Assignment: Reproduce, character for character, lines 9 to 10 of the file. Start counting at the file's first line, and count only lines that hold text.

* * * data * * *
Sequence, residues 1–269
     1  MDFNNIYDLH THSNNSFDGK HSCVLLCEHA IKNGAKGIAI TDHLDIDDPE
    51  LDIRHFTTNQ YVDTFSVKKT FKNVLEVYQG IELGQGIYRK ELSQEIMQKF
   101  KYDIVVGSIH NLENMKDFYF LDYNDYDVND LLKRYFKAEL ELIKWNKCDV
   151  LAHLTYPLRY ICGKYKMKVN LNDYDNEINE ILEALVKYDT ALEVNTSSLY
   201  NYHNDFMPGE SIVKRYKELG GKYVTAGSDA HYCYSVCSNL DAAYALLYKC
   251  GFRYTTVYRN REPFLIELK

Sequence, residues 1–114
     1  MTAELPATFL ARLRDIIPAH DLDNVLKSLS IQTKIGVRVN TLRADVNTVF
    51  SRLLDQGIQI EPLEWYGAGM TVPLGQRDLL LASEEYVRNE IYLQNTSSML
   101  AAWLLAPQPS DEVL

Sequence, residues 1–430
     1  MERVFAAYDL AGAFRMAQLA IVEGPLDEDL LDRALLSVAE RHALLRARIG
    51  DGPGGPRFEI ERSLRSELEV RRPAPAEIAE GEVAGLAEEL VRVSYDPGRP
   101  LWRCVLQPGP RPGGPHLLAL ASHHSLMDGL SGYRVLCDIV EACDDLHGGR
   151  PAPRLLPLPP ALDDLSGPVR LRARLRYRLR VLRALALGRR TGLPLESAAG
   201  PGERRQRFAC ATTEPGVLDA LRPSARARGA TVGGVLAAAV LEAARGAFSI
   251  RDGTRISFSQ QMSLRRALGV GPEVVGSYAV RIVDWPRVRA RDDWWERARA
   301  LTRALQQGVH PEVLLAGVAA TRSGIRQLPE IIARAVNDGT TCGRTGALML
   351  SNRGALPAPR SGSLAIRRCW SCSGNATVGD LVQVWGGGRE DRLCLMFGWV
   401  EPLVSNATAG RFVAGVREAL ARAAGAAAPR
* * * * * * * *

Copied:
     1  MTAELPATFL ARLRDIIPAH DLDNVLKSLS IQTKIGVRVN TLRADVNTVF
    51  SRLLDQGIQI EPLEWYGAGM TVPLGQRDLL LASEEYVRNE IYLQNTSSML